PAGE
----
In his recent article titled “As Anambra North Terminates Governorship Ambitions Of Obaze, Obidigbo And Others” published on various platforms and widely circulated on social media, Ekene Nwanya took the freedom of speech offered by democracy to offer his views on the unfolding political developments in Anambra State.
After a rather fluffy survey, Nwanya, in his conclusion, stated that “the best decision for Obaze, Obidigbo, Nwoye, Okeke and a host of others is to sheath their swords, swallow their vividly selfish ambitions and support their brother…” Support their brother? Well, Nwanya and his co-travelers could have successfully convinced the aspirants, and indeed the electorate, had they taken sufficient pain to give well-articulated reasons to elicit such support. They did not. They simply expected them to support someone because of the mere reason that he is “their brother”.
In their ideal world, that would have worked. But they, in their wisdom, refused to observe that ndi Anambra have since moved on from herd mentality. People now know better than to sheepishly follow someone because he is their brother, sister, party man or goes to the same place of worship as they do. But it will be wrong to assume that Nwanya and the people he loudly blows their trumpet are mistaken in their appeal to base sentiments. It was a deliberate attempt to steer attention away from robust political debates where apples are compared with apples. But the question every analytical mind should ask is “who gains when intelligent policy interactions and interjections are substituted with shallow he is my brother talk?”
Nwanya’s conclusion and that of the body he claimed terminated the ambitions of other aspirants were not arrived at after a careful consideration of the focus, integrity, credibility, temperance, body of beliefs, policy direction and pedigree of the other aspirants. Their stated reason for “terminating” the ambitions of other aspirants is that they come from the wrong part of Anambra State and “in order for a (sic) viable negotiations to take place between the zone and other zones”. What this kind of thinking fails to acknowledge is that good governance is not a function of one’s senatorial zone. It, again fails to realize that ndi Anambra will all bear the brunt of bad governance, regardless of their zones, local government areas, towns and villages.
Ndi Anambra should be concerned about whose interest, the “men of timbre and caliber”, “a renowned political juggernaut from Onitsha”, an “honourable member” and “the general house” drawn from “…local government areas within Anambra North zone” made the resolution they so desperately wish to ram down their throats. If they had the best interest of ndi Anambra at heart, as they claim, they would have encouraged more aspirants to robustly engage each other in enlightened political discourse, after which ndi Anambra will make a well informed choice. Or is the haste by a handful of people to decide for ndi Anambra a direct implication that ndi Anambra are grossly incapable of making sound political decisions themselves?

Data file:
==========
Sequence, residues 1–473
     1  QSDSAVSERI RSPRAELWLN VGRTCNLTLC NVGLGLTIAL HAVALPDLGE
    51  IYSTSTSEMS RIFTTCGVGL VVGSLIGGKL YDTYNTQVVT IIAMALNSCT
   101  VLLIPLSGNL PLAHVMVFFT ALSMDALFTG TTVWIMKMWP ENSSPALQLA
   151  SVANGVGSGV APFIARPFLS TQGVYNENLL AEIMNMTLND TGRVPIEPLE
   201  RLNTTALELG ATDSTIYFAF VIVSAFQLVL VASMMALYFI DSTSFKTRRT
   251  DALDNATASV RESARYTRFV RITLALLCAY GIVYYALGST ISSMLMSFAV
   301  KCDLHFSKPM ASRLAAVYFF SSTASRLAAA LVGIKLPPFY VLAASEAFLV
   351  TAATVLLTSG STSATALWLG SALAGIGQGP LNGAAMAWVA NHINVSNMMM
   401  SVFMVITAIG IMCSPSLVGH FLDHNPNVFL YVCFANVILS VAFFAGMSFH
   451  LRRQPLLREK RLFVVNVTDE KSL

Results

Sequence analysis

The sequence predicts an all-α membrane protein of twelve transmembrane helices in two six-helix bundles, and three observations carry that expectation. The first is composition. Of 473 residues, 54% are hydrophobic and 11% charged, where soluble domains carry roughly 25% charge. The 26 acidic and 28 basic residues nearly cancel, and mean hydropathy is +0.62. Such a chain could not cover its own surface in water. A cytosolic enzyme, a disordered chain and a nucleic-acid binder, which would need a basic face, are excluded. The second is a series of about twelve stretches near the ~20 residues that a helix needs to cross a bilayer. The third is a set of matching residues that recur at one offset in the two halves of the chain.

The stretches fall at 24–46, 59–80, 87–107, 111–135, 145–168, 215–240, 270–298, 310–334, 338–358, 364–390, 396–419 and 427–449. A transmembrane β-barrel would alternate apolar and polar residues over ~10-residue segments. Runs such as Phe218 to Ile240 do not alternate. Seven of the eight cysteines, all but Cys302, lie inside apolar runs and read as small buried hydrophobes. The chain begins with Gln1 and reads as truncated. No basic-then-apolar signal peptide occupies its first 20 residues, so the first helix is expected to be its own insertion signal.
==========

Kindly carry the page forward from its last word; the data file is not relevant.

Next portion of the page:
While the author and his cohorts were enjoying the freedoms guaranteed by the constitution to freely endorse their preferred candidate, they failed to consider the constitutionally guaranteed rights of other citizens. To have gleefully declared that “the people have spoken and nothing can be done about it” one would have expected them to cite the particular part of the constitution or other extant laws of the land where they hinged their decision to proscribe “death penalty on some personal ambitions” but they did not cite any. The reason is simple, there is no such law.
The 1999 constitution, as amended, clearly states the qualification of a governorship aspirant. It boldly declares in section 177 that; “a person shall be qualified for election to the office of Governor of a State if – (a) he is a citizen of Nigeria by birth; (b) he has attained the age of thirty-five years; (c) he is a member of a political party and is sponsored by that political party; and (d) he has been educated up to at least School Certificate level or its equivalent.” The “men of timbre and caliber” who arrived at their decision “after series of consultations” should have first consulted the constitution which is the highest law in the land.
While the author, acknowledged in his closing paragraph that “the decision is theirs but the power remains with the people”, he laboured, albeit unsuccessfully, to take away the power from the original owners by covertly forcing them to accept the decision of his paymasters. But ndi Anambra are wise, they want to make their decisions after carefully weighing available options. That is why the puffed up “men of timbre and caliber” must humble themselves to offer evidence based analysis – a veritable tool that would help ndi Anambra make well informed decisions on a matter like this that has direct, and sometimes, dire consequences on them.
More so, the little known author whose only identification is that he “writes from Nnewi” did not offer the reader explanations on why the ambitions of other aspirants he spent four paragraphs of the poorly constructed article to disparage are “vividly selfish” and that of his principal, selfless. Perhaps he assumed that his readers are, in the words of a merchant, as referenced in Chimamanda Adichie’s 2009 TED Presentation, “people who have no heads…having their mouth and eyes in their breasts.”